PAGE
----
Posted - June 16, 2014 | Updated : August 26, 2015

Amazing Spider-Man v3 1.1
Learning To Crawl Part One

So why is this numbered 1.1 instead of 2? Because this is a flashback issue taking us to the early days of Spider-Man.

Oh no! That beautiful cover lured us into a story that we already know, right? Yeah, but not quite. There are some very nice subtle surprises in this issue.

The hype around 1.1 is that they retconned a new villain into Spidey's early years. You might have heard referrals to Clash. Well here he is.


This panel is pretty much the only time you'll see the costumed Clash in this issue. It's the very last panel of 1.1, which means Clash comes into the picture next issue, in Part Two.

The story begins right after the death of Uncle Ben. Very early on, I'm struck by some beautiful panels from artist Ramon Perez (any relation to the Perez I wonder?).

Here is Peter, walking a lonely road, contemplating the death of the only father he's ever known:

peter walking down the stree
					after the death uncle ben

The big, red spider over the shadow not withstanding, the layout of this panel, and Ian Herrings choice of colors, conveys the mute loneliness of one Peter Parker very effectively.

Another Perez panel is even better. It's a very simple scene: Spidey climbing up the side of Aunt May's house.

spider-man climbing the side of
					aunt may's house

What is it about this panel? Is it the form of the tree? The tint of the sky or the reflective windows? It's just right, just wonderful to look at.

Considering the subject matter, there is an appropriate funereal mood to the opening of this story. Then we get these five curious panels:

aunt may breaks down
					while preparing breakfast

At first, I thought this was a miss, a flaw in the script. Ben Parker had just been killed the day before, it is the next morning, and May Parker is preparing breakfast with a smile on her face? After some thought it began to dawn on me how brilliant these series of panels are.

Of course Aunt May is preparing breakfast as usual; what better way to subconsciously deny the death of Ben Parker? This is denial that confronts Peter on this tragic morning. A brave front put on by her Aunt to show that she simply does not accept the situation. The last panel shows us that one can only erect so many walls to deny an incoming sea.

The real core of this issue is an open ended debate on the life, the character and the legacy of one Ben Parker. And the debate starts with this panel.

peter talks finances

Good old Uncle Ben died without leaving any money to his family. Question: Is he still good old Uncle Ben? Is a man still good if he doesn't provide for his loved ones? Much later, we have this panel right after Ben Parker's funeral:

at uncle ben's funeral

Peter is holding green bean casserole, tuna casserole, sweet potato casserole - maybe every casserole ever invented. Each tray of the stuff given by a family friend that Uncle Ben helped out, sometimes financially, paying a mortgage here, a hospital bill there. So Uncle Ben spent for all these people but didn't even leave enough for his family to pay for his funeral. You may have a different opinion, but from where I am, good old Uncle Ben, such a font of wisdom in Spider-Man lore, indeed the source of the oft-quoted "With great power comes great responsibility", is, himself, an irresponsible deadbeat. Suddenly, Amazing Spider-Man 1.1 is starting NOT to look like a mere rehash of a tale we're all familiar with.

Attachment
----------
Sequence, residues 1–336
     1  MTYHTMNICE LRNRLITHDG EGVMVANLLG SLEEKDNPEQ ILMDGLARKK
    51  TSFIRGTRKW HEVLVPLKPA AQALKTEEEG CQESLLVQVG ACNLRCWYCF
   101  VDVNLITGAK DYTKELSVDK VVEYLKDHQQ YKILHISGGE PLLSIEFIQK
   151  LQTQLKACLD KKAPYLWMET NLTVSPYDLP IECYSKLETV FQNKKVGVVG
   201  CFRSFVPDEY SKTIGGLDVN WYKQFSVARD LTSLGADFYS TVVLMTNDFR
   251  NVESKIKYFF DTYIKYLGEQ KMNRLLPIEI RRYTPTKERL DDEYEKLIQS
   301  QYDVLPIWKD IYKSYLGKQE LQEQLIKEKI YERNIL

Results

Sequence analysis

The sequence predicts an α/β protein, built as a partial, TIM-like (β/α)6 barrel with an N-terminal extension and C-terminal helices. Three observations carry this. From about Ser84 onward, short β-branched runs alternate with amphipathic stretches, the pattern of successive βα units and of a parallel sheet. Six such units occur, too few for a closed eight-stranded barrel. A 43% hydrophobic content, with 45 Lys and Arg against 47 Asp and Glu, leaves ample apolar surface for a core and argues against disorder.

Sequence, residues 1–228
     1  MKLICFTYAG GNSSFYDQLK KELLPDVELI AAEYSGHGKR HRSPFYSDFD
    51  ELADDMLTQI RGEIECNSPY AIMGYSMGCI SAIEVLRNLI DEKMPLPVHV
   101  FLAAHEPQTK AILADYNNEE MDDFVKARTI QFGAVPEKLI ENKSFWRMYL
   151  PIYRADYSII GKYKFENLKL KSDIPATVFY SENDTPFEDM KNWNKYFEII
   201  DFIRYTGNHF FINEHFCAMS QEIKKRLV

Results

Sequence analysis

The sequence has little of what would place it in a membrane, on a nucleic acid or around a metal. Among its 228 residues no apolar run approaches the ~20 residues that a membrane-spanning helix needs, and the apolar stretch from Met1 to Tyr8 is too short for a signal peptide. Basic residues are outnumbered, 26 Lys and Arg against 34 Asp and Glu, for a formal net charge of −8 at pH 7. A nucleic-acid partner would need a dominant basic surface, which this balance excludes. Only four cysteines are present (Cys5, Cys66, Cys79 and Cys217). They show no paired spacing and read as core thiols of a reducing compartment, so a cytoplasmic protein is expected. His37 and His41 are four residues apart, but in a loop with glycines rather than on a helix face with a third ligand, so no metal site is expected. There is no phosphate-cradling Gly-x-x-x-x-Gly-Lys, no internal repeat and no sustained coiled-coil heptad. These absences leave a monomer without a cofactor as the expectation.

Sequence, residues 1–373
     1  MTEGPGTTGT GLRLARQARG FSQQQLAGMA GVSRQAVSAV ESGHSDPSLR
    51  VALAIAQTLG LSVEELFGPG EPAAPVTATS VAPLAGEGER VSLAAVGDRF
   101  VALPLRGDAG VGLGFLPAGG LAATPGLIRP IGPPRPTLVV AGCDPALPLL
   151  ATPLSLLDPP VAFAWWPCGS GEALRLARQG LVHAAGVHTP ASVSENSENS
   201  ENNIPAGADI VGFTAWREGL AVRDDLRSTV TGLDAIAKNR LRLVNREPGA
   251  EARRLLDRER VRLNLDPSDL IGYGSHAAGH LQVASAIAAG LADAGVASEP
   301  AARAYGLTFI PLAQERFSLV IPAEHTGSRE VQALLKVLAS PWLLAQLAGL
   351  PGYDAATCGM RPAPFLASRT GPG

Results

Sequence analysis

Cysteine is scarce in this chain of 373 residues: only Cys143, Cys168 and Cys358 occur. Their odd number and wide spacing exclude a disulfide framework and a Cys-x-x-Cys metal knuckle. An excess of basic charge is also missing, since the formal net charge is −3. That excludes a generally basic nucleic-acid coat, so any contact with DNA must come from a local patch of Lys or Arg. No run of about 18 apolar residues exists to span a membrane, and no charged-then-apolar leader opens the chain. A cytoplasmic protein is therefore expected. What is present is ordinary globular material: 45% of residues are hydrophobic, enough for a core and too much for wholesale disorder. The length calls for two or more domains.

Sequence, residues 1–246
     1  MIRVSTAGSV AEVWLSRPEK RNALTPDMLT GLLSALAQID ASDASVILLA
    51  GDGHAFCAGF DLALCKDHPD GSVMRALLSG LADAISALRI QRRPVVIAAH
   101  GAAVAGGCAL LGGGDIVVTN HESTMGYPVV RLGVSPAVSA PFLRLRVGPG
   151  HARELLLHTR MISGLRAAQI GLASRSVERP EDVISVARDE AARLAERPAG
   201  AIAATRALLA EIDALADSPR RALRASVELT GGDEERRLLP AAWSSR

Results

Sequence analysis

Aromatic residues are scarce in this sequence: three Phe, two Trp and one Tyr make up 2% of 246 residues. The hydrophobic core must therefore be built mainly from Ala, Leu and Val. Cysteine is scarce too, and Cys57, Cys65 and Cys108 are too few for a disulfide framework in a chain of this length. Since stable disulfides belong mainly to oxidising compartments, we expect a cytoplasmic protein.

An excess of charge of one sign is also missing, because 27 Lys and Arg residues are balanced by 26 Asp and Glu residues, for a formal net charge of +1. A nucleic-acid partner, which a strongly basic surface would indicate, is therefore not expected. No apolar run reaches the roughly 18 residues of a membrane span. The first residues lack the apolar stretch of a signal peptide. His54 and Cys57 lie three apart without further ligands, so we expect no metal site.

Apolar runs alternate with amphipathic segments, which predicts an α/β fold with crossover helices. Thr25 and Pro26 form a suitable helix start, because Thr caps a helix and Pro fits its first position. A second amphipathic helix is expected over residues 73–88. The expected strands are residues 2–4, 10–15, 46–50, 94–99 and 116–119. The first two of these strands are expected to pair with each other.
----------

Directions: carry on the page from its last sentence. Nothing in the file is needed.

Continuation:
Not to put too much of a damper on things, let's go over to Aunt May for a spot of wisdom that I personally know to be true in my own life; I'm almost sure you'll agree it is true for you too.

the universe provides

The universe provides.

No panel throws me back to the Ditko-era Spider-Man more than this one with Spider-Man and Maxie, Spidey's agent. I think its the way Maxie's face is drawn. The girl is one of Maxie's clients.

spider-man and his agent

Ever notice that when we panic it's almost always because a lot of different pressure sources converge on us? It's usually not just one thing. Almost all of us can handle just one thing going wrong - we focus on it and keep our cool. But if another blaze sprouts up somewhere else when we're firefighting, well, that's a lot to handle. Peter has not one, not two, but three major fires: The death of his Uncle on his conscience, the lack of money plagueing his family and his sudden role as the man of the house at fifteen years old. So when Maxie does something totally harmless like call him a "hero". we get this:

peter loses his cool

This is no indestructible god from Asgard; no super rich playboy indistrialist. This is Spider-Man. This is us.

Here's another great reality.

spider-man swinging from a building

Something you enjoy, the moment you have to do it in near-desperation to survive; it becomes a chore. Drudgery. How true; the pressure ruins the fun.

The smallest panel with the biggest message in this issue? This is it:

flash vs. peter

This is a dream that has been thrown out there by millions of people billions of times but it has almost always never come true: To be able to look into the bully's eye and know that, without any doubt whatsoever, that the bullying is over. This is the huge thing that is happening in this small panel. Dream come true.

I've shown you Peter Parker losing control, it's only fair that I show you another side of him.

peter has a little talk with himself

Peter Parker alone, talking to his departed Uncle. But no, he's really talking to himself. Voicing out a sentiment that is all but universal to every man and woman who stands as a breadwinner. There's something poignant, sad and brave about these two panels. In fact, the same can be said about the whole issue. And that's a great way to end this review.

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